You've tried all the quick fixes with no luck. How can you sidestep the complicated parts of the troubleshooting process and zero in on an easy solution? Search the Web. It's likely that you are not the first or only person to have experienced your problem, so chances are good that you'll discover solutions online. With a bit of luck and a dash of persistence, you can succeed most of the time.
Start with Google
If you can type in the exact text of your error message or otherwise summarize your problem using a few keywords, you're especially likely to get helpful results using Google. Use quotes to enclose exact phrases; this reduces the number of unwanted results. For example, if you type in the error message "the Preferences File Could not be opened. The end of file was reached. -39", you'll get this useful Microsoft Entourage Help Page, which tells you what to do if you have a damaged Identity database file. If you instead just type Entourage -39, you'll have to wade through a lot of information about HBO's Entourage series.
Try support sites
If Google comes up empty, search the support sites for the products that are giving you trouble. For OS X in general, or for any Apple products, there's no substitute for searching Apple Support. After you type in your search terms, the results will typically take you to articles in Apple's Knowledge Base and threads in Apple's Discussions section. The Discussions threads are often more fruitful, as they include tips from readers for fixing problems that Apple may not yet have officially acknowledged.
The Apple Support site gives you a number of ways to home in on the answers you seek. For example, as with most search engines, you can use Boolean operators. Include the word AND when you want to search for documents that include both of your search terms--macbook AND battery. Likewise, use OR to find either of two terms and NOT to exclude a certain term. Enclose specific terms with quotation marks. Also take advantage of the site's ability to limit your search to certain products. After you type in your search string, you may see a blue circle with a plus sign (+) in it next to the words "Improve your search by selecting a product." Click on this to reveal images of Apple's product line. Choose one to limit your search to just that product.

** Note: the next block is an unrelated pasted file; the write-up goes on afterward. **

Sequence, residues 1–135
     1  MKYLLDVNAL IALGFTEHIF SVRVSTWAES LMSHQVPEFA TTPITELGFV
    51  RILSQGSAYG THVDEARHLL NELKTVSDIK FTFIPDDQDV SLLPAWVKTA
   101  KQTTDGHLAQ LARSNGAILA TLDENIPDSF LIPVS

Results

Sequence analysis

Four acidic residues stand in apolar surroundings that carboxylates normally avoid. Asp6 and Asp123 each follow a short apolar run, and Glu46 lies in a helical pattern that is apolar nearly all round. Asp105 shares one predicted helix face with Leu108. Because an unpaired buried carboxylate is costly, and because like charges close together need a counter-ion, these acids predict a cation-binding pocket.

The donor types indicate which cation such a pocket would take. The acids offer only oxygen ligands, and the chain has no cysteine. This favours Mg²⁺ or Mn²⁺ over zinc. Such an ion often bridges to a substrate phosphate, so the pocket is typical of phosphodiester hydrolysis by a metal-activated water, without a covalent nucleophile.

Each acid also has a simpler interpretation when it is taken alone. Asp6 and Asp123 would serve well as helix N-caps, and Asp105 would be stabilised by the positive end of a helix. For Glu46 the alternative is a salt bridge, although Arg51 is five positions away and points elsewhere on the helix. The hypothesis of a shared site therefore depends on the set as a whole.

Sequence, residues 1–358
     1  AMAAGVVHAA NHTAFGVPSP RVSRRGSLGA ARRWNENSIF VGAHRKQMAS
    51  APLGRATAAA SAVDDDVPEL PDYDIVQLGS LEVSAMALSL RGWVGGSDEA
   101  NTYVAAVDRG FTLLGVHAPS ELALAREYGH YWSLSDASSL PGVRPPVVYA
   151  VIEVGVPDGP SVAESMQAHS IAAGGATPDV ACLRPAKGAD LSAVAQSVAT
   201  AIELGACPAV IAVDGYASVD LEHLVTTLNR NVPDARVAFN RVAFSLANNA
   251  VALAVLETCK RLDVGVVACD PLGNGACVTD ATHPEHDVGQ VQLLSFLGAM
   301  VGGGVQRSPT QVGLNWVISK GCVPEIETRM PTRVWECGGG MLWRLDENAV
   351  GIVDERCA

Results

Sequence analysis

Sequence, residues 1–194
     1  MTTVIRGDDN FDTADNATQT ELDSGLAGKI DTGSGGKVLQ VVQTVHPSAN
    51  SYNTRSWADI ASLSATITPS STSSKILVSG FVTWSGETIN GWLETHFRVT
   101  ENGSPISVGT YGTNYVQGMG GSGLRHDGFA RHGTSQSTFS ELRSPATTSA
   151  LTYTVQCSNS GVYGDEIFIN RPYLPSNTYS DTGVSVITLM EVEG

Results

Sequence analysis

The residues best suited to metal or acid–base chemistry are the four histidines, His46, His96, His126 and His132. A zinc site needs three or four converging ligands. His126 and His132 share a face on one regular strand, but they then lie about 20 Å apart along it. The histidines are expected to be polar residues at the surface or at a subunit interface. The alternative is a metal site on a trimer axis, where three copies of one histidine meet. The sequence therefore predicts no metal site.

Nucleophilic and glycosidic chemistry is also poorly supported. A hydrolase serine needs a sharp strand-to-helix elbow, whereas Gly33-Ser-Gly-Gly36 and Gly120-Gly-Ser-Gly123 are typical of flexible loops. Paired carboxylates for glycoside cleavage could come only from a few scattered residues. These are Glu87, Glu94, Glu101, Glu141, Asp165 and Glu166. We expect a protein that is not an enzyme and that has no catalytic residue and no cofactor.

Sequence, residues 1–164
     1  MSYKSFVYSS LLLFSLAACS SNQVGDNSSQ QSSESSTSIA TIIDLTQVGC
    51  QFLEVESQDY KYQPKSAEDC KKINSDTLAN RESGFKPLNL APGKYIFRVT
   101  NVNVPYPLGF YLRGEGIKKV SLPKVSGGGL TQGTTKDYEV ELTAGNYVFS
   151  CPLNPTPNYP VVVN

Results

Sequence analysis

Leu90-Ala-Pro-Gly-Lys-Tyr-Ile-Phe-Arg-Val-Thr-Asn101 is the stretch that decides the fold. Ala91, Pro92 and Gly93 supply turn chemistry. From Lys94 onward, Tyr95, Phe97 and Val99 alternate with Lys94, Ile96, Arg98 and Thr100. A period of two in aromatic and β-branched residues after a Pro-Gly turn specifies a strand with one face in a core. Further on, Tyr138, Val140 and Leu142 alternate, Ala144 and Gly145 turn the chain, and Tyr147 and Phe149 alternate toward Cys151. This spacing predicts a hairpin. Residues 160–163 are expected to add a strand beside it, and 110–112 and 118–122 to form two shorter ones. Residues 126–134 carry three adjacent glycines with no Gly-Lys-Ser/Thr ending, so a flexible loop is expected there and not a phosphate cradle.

You may also find it useful to familiarize yourself with the icons Apple employs to show what sort of articles you've uncovered with your search. For instance, if one of your results has a stethoscope icon next to it, it's a troubleshooting document--that's a good sign it might contain the info you need.
Be prepared for some frustration
Not every fix you find online will actually work, at least not for your particular variation of the problem. And don't assume that just because a user posting says you must do something extreme, such as erase your hard drive, it's absolutely necessary. Less radical solutions may exist. Read through several postings on a subject before deciding on a course of action. Start with the simplest, least time-consuming solutions, especially if there appears to be a consensus that it works.
Using the Web, you'll find solutions that you would never discover on your own, no matter how many hours you spent on do-it-yourself troubleshooting. As one example, an Apple support article describes what to do if the Finder refuses to let you rename a file, claiming that you don't have "sufficient access." Part of Apple's solution requires that you enter the following command in Terminal (/Applications/Utilities) and press return: sudo chmod -RN ~. Unless you are experienced with Unix (and perhaps not even then), this is not something you would ever think to do on your own.
This story, "Use the Web to Get Help" was originally published by Macworld.